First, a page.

The International History of Communication Study maps the growth of media and communication studies around the world. Drawing out transnational flows of ideas, institutions, publications, and people, it offers the most comprehensive picture to date of the global history of communication research and education.
This volume reaches into national and regional areas that have not received much attention in the scholarship until now, including Asia, Latin America, Africa, and the Middle East alongside Europe and North America. It also covers communication study outside of academic settings: in international organizations like UNESCO, and among commercial and civic groups. It moves beyond the traditional canon to cover work by forgotten figures, including women scholars in the field and those outside of the United States and Europe, and it situates them all within the broader geopolitical, institutional, and intellectual landscapes that have shaped communication study globally.
Intended for scholars and graduate students in communication, media studies, and journalism, this volume pushes the history of communication study in new directions by taking an aggressively international and comparative perspective on the historiography of the field. Methodologically and conceptually, the volume breaks new ground in bringing comparative, transnational, and global frames to bear, and puts under the spotlight what has heretofore only lingered in the penumbra of the history of communication study.
Table of Contents
Introduction: On the History of Communication Study—Peter Simonson and David W. Park
- The Transnational Flow of Ideas and Histoire Croisée with Attention to the Cases of France and Germany--Maria Löblich, Stefanie Averbeck-Lietz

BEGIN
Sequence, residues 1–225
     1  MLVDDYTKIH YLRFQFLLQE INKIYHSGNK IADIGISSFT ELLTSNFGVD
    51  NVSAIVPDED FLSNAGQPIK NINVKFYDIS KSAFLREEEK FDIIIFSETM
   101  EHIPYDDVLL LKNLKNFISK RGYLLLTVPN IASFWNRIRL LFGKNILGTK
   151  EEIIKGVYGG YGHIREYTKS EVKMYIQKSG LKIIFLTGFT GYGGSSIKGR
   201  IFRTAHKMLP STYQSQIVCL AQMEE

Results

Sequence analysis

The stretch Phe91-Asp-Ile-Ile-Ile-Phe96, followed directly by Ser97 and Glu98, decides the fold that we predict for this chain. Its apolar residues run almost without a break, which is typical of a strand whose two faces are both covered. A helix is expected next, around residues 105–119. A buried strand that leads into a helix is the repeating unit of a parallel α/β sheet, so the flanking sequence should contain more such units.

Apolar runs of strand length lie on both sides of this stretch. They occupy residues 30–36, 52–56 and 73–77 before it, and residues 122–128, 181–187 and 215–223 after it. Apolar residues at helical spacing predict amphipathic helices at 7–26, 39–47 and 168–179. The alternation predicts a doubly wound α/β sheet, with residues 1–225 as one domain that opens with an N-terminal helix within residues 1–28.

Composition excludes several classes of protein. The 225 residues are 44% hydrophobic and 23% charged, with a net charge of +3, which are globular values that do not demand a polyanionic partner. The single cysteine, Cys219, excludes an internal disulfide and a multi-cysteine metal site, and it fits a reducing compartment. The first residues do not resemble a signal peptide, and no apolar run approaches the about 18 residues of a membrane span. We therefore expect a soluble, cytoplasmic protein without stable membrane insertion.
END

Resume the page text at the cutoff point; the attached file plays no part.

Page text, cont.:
- Gender, Work, and the History of Communication Research: Figures, Formations, and Flows--Karen Lee Ashcraft and Peter Simonson
- Locating UNESCO in the Historical Study of Communication--Ira Wagman
- The IAMCR Story: Communication and Media Research in a Global Perspective—Michael Meyen
- Practical Orientation as a Survival Strategy: The Development of Publizistikwissenschaft by Walter Hagemann—Thomas Wiedemann
- Female Academics in Communication Science and the Post-War-Reconstruction Generation in Austria and Germany—Martina Thiele
- Communication Studies on the Iberian Peninsula: A Comparative Analysis of the Field’s Development in Portugal and Spain—Nelson Ribeiro
- Early Nordic Media Research and the special case of Norway (1930 - 1965)--Tore Slaatta
- UK Communication Study and the Challenges of Institutionalization—Phillip Lodge
- The field of communication in Croatia: toward a comparative history of communication studies in Central and Eastern Europe--Zrinjka Peruško and Dina Vozab
- Crossing the Borders: Herta Herzog’s Work in Communication and Marketing Research--Elisabeth Klaus and Josef Seethaler
- Charles Siepmann’s Forgotten Legacy for Communication Research and Media Policy--Victor Pickard
- The Toronto School: Cross-Border Encounters, Interdisciplinary Entanglements--Michael Darroch
- International Vectors in Graduate Education in Communication--David W. Park and Meghan Grosse
- Institutionalization and Internationalization of the Field of Communication Studies in Mexico and Latin America--Raúl Fuentes Navarro
- History of Communication Study in Brazil: The Institutionalization of an Interdisciplinary Field--Maria Immacolata Vassalo de Lopes and Richard Romancini
- Building the Nation-State: Journalism and Communication Studies in China--Hu Zhengrong, Ji Deqiang, and Zhang Lei
- The "Great Uncle of Dissemination": Wilbur Schramm and Communication Study in China--Chunfeng Lin and John Nerone
- A History of Rhetorical Studies and Practices in Modern Japan--Junya Morooka
- Observations on Journalism and Communication Education in India--Pradip Thomas
- Trajectories of communication studies in Sub-Saharan Africa--Terje Skjerdal and Keyan Tomaselli
- Communication Studies in the Arab World--Mohammad I. Ayish
- The Story of the Communication Field in Israel: Nation Building, Personal Transfer, and Growth: Anat First and Hanna Adoni
Africa and the Middle East
Peter Simonson is Associate Professor in the College of Media, Communication, and Information at the University of Colorado Boulder.
David W. Park is Professor of Communication at Lake Forest College.
This is the first world history of one of the fastest growing academic fields during the last forty years – communication studies. It reveals the way in which different intellectual currents from positivism to feminism, and different world events from the Cold War to de-colonisation, have shaped this field. This is a book for communication scholars around the world, revealing where we come from, who we are, and where we are heading. James Curran, Professor of Communication, Goldsmith, University of London